The year that was 2018 was a wet one, and it even went out with a storm.
Last week’s downpour dropped a little more than 5 inches, and it put the month at 8 3/4 inches of rain for December, which normally averages just under 4 inches.
That storm was indicative of the year, as several times Madison County was pummeled by the elements.
In March, which normally averages about 3.26 inches of precipitation, a storm on the 27th and 28th dumped right at 8 inches of rain in the area. Additionally, lightning strikes started fires throughout the county, including one at an oil well site.
Then in October, the skies opened again, this time pouring 15 inches on the saturated ground.
All this water left roads damaged, culverts washed out, creeks and rivers full to overflowing and, in both cases, the county was declared a disaster area.
Here are some other significant stories from 2018.
The festival that almost wasn’t
The annual Texas Mushroom Festival, which has run for 18 years, almost didn’t make it.
The newly elected governing board for the festival on March 6 voted to put the event on hiatus for a year, citing a lack of volunteers.
However, once word got out that the festival was cancelled, townspeople stepped up en masse and filled most all of the necessary positions.
One week later, on March 13, the board came together again, and voted to put the festival back on track.
So on Oct. 13, Madisonville celebrated all things mushroom, and put the fun back in fungi.
County hopes TSR becomes TSR not
In February, the Federal Rail Administration held a public hearing regarding a proposed high-speed train that will ferry passengers between Houston and Dallas, the route of which will come through the heart of Madison County.
Most hands were raised by Madison County residents when asked who opposed a high-speed rail bisecting the county, and residents spoke overwhelmingly against the Texas Central plan to build a rail connecting Dallas and Houston, the route of which comes through several counties, including Grimes, Madison and Leon.
The objections covered a variety of topics, such as uprooting historical cemeteries, environmental damage, loss of income, health and even property values.
For hours, residents questioned the FRA about the financing of the project, passenger estimates and the overall feasibility of the project.
Two county commissioners, Thomas Collard and Carl Cannon, expressed their opposition to the rail.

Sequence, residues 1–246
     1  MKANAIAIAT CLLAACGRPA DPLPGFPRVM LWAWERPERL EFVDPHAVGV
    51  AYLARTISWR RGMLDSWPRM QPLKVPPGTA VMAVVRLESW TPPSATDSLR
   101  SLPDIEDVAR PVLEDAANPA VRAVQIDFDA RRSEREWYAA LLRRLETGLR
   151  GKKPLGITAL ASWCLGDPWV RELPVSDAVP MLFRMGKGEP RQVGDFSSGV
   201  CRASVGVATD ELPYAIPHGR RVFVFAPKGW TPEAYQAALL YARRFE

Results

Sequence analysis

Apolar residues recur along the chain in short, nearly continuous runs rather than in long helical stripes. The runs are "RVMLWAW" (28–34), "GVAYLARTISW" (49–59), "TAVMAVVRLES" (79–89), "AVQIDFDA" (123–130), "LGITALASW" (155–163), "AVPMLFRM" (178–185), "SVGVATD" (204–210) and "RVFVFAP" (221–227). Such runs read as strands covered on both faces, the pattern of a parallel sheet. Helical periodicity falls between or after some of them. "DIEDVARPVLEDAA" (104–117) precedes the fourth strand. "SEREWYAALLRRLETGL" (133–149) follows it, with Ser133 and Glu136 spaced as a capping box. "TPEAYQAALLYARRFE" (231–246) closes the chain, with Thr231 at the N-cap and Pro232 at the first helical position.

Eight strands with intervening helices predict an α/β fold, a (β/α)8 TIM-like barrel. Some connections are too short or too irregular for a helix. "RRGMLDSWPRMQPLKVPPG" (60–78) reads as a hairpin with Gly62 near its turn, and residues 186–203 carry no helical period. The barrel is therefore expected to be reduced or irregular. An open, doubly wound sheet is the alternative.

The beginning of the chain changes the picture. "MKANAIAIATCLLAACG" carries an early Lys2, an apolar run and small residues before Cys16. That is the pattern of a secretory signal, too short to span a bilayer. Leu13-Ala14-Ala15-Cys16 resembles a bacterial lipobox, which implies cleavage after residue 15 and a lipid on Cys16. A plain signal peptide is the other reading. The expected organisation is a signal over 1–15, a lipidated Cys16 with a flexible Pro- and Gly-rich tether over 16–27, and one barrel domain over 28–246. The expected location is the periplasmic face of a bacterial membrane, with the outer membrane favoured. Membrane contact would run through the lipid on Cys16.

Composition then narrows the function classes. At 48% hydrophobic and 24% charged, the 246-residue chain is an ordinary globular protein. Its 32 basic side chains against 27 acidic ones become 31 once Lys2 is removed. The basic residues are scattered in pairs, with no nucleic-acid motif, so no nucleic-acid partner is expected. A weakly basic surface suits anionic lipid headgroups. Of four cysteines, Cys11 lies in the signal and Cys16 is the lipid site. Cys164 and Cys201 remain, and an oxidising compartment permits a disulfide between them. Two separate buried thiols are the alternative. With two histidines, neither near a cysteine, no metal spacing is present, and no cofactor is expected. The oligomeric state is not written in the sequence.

Collard said, "It sucks what you're going to do to these people. You're going to destroy a lot of lives."
He said the county passed a resolution several years ago against the project, and will stand behind it to the end.
Carl Cannon said he was extremely concerned about property taxes in the county.
"For the last three years, we did not raise taxes, but I feel this will cost a lot of money and will force us to raise taxes in the future," he said. "I'm against this."
Kyle Workman, president of Texans Against High-Speed Rail, said people just are not for this project, which is evident by the turnout at meetings in numerous counties.
"It doesn't matter if you're in Madison County, or Leon County, or Grimes or Dallas, the impact is the same: you get no benefit, and you get your land and your life decimated," Workman said.
While the hearing dealt mostly with a draft environmental impact study that has been performed, negative comments attacked the economics, routing and most importantly, land acquisition through eminent domain.
Travis Kelly, vice president of external affairs for Texas Central, said the turnout in Madisonville has been strong, as it has been in other meetings scheduled in the area, and provides his company with an opportunity to listen to the people the rail would affect.
"That's the nature of these meetings; these comments are for the FRA to listen to and respond to," he said. "Through this kind of public input, it better informs the planning process, and makes us aware of the many concerns."
The FRA, while it showed support for a particular route, could tweak the plans based on feedback received at meetings like this, he said. FRA representatives did not answer any questions posed at the meeting; Kelly said that the questions will be answered only in the final draft of the environmental study.
While the country, and to a lesser extent the state, was at odds during the election season, locally, things were decided early, and all in the Republican Party.
Many of the races were decided in the February 2018 primary election; however, because candidates in the county judge, Precinct 4 county commissioner and Justice of the Peace Position 1 did not garner 50.1 percent of the vote, runoffs were scheduled for May.
In the primary election, incumbent County Judge C.E. “Butch” McDaniel led the six candidates with 586 votes. He was followed by Midway Mayor Tony Leago with 452 votes. The two were to face off in the May 22 runoff.
When the votes were tallied, the tables had turned. Leago ended up with 690 votes, while McDaniel managed only 525.
In the other runoff elections, David Pohorelsky became the new Precinct 4 county commissioner, and Steven Cole became the Position 1 JP.